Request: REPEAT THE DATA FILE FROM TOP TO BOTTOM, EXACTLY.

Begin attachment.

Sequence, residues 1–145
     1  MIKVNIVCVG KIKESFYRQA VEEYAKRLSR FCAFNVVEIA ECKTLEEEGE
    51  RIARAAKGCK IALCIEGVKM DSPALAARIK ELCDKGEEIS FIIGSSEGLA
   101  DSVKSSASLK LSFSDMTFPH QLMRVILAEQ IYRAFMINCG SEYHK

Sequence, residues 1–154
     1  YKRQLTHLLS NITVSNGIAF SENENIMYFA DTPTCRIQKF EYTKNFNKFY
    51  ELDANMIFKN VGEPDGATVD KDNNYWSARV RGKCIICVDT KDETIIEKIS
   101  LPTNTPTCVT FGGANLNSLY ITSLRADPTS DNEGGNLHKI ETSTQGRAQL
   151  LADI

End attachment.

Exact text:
Sequence, residues 1–145
     1  MIKVNIVCVG KIKESFYRQA VEEYAKRLSR FCAFNVVEIA ECKTLEEEGE
    51  RIARAAKGCK IALCIEGVKM DSPALAARIK ELCDKGEEIS FIIGSSEGLA
   101  DSVKSSASLK LSFSDMTFPH QLMRVILAEQ IYRAFMINCG SEYHK

Sequence, residues 1–154
     1  YKRQLTHLLS NITVSNGIAF SENENIMYFA DTPTCRIQKF EYTKNFNKFY
    51  ELDANMIFKN VGEPDGATVD KDNNYWSARV RGKCIICVDT KDETIIEKIS
   101  LPTNTPTCVT FGGANLNSLY ITSLRADPTS DNEGGNLHKI ETSTQGRAQL
   151  LADI